2. Read Becoming a Writer, by Dorothea Brande. Then do what it says, including the tasks you think are impossible. You will particularly hate the advice to write first thing in the morning, but if you can manage it, it might well be the best thing you ever do for yourself. This book is about becoming a writer from the inside out. Many later advice manuals derive from it. You don’t really need any others, though if you want to boost your confidence, “how to” books seldom do any harm. You can kick-start a whole book with some little writing exercise.
3. Write a book you’d like to read. If you wouldn’t read it, why would anybody else? Don’t write for a perceived audience or market. It may well have vanished by the time your book’s ready.
4. If you have a good story idea, don’t assume it must form a prose narrative. It may work better as a play, a screenplay or a poem. Be flexible.
5. Be aware that anything that appears before “Chapter One” may be skipped. Don’t put your vital clue there.
6. First paragraphs can often be struck out. Are you performing a haka, or just shuffling your feet?
7. Concentrate your narrative energy on the point of change. This is especially important for historical fiction. When your character is new to a place, or things alter around them, that’s the point to step back and fill in the details of their world. People don’t notice their everyday surroundings and daily routine, so when writers describe them it can sound as if they’re trying too hard to instruct the reader.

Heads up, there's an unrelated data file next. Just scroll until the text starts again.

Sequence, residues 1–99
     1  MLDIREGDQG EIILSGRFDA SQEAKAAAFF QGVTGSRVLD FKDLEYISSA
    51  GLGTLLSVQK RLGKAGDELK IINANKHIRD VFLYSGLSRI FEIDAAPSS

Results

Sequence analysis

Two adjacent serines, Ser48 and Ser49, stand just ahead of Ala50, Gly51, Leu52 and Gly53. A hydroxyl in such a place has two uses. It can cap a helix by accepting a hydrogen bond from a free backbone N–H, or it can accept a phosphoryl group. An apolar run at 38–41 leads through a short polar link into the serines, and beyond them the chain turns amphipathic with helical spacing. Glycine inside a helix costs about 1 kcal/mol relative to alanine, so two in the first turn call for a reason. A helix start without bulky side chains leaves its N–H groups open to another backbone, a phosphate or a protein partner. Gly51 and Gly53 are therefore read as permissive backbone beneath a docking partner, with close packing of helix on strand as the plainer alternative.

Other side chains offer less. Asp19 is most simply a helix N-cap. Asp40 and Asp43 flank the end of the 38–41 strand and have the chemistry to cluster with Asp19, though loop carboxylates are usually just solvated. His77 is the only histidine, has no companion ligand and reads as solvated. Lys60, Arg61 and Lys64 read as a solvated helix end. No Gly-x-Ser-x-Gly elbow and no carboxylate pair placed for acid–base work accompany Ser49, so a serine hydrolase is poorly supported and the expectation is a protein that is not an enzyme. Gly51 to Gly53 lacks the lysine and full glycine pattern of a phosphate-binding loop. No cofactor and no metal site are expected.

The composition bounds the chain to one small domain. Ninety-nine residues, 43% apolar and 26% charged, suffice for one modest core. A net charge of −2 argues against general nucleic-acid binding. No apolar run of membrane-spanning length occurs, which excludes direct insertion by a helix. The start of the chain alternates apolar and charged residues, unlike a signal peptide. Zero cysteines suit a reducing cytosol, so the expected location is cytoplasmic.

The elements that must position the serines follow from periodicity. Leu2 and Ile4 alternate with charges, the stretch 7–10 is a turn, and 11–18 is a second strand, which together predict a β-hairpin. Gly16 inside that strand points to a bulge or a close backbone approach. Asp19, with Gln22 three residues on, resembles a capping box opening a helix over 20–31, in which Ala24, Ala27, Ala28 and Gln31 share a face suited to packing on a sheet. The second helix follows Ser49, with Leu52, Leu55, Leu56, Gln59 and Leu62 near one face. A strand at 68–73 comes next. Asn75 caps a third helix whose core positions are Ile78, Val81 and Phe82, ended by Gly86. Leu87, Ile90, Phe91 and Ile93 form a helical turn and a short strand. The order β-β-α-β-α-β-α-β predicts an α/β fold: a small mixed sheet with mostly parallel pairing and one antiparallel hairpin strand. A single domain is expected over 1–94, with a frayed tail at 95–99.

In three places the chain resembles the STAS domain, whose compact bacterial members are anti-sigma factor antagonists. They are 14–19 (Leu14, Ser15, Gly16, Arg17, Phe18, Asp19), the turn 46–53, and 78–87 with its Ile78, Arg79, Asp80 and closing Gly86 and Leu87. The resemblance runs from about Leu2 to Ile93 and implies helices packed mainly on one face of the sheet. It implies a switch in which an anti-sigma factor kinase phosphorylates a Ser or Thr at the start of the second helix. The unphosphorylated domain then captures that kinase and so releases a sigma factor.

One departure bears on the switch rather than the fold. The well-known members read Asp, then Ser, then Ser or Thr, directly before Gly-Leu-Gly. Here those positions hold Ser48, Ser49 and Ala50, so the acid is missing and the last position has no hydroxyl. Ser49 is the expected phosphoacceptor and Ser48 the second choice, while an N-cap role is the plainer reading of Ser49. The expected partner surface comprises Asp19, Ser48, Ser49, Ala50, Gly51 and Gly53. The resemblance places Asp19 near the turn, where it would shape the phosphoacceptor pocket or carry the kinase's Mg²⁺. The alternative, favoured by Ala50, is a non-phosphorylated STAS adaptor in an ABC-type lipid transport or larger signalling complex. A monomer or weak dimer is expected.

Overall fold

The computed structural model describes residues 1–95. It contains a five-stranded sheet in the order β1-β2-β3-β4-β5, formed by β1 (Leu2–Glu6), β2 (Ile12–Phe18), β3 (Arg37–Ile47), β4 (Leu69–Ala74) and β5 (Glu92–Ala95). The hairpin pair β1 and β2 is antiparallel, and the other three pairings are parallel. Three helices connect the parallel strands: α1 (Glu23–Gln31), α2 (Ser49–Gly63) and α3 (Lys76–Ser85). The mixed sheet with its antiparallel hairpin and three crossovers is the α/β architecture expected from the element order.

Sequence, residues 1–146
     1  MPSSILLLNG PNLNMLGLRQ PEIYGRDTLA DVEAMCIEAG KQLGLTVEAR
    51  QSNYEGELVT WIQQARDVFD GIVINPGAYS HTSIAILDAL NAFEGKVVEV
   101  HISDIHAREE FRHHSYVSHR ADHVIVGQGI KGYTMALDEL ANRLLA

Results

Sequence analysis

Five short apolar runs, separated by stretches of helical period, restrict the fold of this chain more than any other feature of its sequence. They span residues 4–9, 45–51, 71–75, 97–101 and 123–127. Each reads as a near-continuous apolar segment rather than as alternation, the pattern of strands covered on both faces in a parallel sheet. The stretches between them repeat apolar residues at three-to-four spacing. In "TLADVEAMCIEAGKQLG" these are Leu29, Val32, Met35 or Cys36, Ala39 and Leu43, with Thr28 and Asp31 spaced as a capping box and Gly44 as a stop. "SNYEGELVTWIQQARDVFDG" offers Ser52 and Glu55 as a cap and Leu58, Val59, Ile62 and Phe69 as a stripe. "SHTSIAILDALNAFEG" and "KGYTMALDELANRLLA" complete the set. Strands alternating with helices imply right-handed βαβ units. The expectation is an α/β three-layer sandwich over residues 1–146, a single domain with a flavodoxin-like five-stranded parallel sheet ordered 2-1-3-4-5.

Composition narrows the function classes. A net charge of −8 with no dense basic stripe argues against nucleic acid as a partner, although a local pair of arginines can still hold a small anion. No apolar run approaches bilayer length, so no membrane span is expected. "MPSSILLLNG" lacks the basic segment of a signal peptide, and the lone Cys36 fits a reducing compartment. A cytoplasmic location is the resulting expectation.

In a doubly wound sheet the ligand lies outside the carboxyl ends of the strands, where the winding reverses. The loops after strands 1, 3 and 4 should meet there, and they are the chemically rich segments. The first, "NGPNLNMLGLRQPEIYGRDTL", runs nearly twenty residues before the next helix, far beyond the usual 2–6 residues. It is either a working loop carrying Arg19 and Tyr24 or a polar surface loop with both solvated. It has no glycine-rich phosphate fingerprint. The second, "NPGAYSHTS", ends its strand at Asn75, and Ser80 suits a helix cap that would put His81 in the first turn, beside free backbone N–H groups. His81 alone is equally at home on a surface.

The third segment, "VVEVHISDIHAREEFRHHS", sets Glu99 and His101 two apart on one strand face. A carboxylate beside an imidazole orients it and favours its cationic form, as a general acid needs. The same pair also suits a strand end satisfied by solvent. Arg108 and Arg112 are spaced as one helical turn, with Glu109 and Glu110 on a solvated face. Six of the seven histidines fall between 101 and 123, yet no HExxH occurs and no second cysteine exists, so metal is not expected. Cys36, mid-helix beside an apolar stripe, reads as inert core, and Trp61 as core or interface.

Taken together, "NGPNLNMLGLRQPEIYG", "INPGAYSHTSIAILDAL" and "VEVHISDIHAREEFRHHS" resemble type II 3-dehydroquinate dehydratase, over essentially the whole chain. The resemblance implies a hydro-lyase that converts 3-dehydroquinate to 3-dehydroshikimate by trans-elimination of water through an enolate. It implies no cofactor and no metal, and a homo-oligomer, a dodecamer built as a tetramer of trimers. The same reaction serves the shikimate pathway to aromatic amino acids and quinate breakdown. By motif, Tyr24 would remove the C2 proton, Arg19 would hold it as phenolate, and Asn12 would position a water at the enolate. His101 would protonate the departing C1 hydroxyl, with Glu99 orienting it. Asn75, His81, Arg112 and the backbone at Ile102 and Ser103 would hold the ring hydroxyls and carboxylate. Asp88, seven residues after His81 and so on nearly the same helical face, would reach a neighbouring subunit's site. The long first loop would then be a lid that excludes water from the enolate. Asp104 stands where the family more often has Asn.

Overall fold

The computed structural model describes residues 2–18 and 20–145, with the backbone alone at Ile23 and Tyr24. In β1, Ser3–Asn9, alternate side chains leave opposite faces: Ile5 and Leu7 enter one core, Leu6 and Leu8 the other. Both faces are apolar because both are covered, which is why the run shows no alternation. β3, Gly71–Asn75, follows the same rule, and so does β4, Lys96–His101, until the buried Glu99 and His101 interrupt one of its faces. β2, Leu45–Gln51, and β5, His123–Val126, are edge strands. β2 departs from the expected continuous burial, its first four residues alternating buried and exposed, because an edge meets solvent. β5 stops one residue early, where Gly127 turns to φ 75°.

8. Description must work for its place. It can’t be simply ornamental. It usually works best if it has a human element; it is more effective if it comes from an implied viewpoint, rather than from the eye of God. If description is coloured by the viewpoint of the character who is doing the noticing, it becomes, in effect, part of character definition and part of the action.
9. If you get stuck, get away from your desk. Take a walk, take a bath, go to sleep, make a pie, draw, listen to music, meditate, exercise; whatever you do, don’t just stick there scowling at the problem. But don’t make telephone calls or go to a party; if you do, other people’s words will pour in where your lost words should be. Open a gap for them, create a space. Be patient.
10. Be ready for anything. Each new story has different demands and may throw up reasons to break these and all other rules. Except number one: you can’t give your soul to literature if you’re thinking about income tax.